Catholic aged care operators step up to the mark on vaccination targets

7 October 2021
Image: CDC/Unsplash

 

The Catholic residential aged care sector has spoken about how – against all odds – its members rose to the challenge of vaccinating their staff by the Commonwealth’s mid-September deadline. 

Clear and inclusive communication, surveying and involving staff early on, establishing clinics in facilities, and ensuring excess vaccines were not wasted but diverted to aged care workers, were just some of the tactics they employed.

Catholic Health Australia CEO Pat Garcia called the sector-wide effort outstanding and a credit to their mission – to keep their workers and the wider community safe during the pandemic. 

In June, when Prime Minister Scott Morrison announced all residential aged care workers must have received at least one dose of a COVID-19 vaccine by September 17, many were sceptical. 

With two-thirds of the sector’s workers still unvaccinated, how could it meet the deadline, while dealing with issues such as vaccine shortages, hesitancy, and staffing during a pandemic? 

This week several key CHA aged care operators have recounted how their organisations did it. 

Paul Johnson, COO, Ballycara, Queensland, says: “We began our campaign early, with posters and communications to all staff from April onwards. 

“We succeeded through good, positive communication and engagement, having the ease of an on-site clinic with a simple booking system, and working closely in partnership with the vaccine provider.”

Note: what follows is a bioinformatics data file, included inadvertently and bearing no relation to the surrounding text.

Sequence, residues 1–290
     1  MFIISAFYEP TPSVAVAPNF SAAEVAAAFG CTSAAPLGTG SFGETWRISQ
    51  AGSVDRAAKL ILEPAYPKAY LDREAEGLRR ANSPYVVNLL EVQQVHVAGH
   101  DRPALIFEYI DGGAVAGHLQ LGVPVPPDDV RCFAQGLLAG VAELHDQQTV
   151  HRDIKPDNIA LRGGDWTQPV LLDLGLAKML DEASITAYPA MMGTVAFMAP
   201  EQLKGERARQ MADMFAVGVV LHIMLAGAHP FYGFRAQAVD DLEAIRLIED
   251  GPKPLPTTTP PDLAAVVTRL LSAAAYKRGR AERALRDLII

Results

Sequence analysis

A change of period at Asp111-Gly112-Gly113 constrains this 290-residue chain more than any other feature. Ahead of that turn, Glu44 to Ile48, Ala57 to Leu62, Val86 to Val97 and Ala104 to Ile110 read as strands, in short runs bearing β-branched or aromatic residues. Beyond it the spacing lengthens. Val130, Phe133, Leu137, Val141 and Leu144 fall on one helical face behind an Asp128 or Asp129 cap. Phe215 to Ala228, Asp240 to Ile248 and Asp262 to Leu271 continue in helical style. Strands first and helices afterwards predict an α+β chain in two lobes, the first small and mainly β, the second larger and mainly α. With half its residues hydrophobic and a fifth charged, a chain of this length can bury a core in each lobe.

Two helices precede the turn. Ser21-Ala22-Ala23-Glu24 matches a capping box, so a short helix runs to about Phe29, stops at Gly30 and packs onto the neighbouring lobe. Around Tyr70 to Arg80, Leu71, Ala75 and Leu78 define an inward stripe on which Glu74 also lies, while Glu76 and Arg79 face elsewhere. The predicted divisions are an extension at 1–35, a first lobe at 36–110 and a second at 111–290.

Helen Emmerson, CEO, Southern Cross Care NSW and ACT, says most of her workers had already had their shot before the September mandate came into effect. 

“For most of our staff I think getting vaccinated provided them with reassurance. Together it does feel like we’re starting to see the light at the end of the tunnel.” 

Wayne Stoddard, Group Manager, Residential Care Services, Southern Cross Care, SA and NT, says his group prioritised allowing staff to access unused vaccines. 

“Knowing staff could access remaining doses from our residences, we surveyed staff to find out any barriers for vaccination. This developed a running database to identify which staff members were available at short notice for any remaining.”

James Lye, Executive Director, Marketing, Communications and Stakeholder Relations, Mercy Health Australia, says there was very little vaccine hesitancy, with most staff, after experiencing the tragedy from 2020, seeing a benefit in protecting their family and clients in aged care. 

We took a multifaceted approach to vaccinations, in an environment where we were trying to keep our residents and staff safe. We quickly saw the vaccine picking up where things such as infection control, hygiene practices and single-site work had previously been the only things holding back the tide of people getting really sick from COVID.” 

Mr Garcia said: “I am extremely proud of what the Catholic aged care sector has achieved in such difficult times. 

“The professional, cooperative and caring approach shown by management and staff shows how much can be achieved when we all work together.” 

With thanks to Catholic Health Australia.

 

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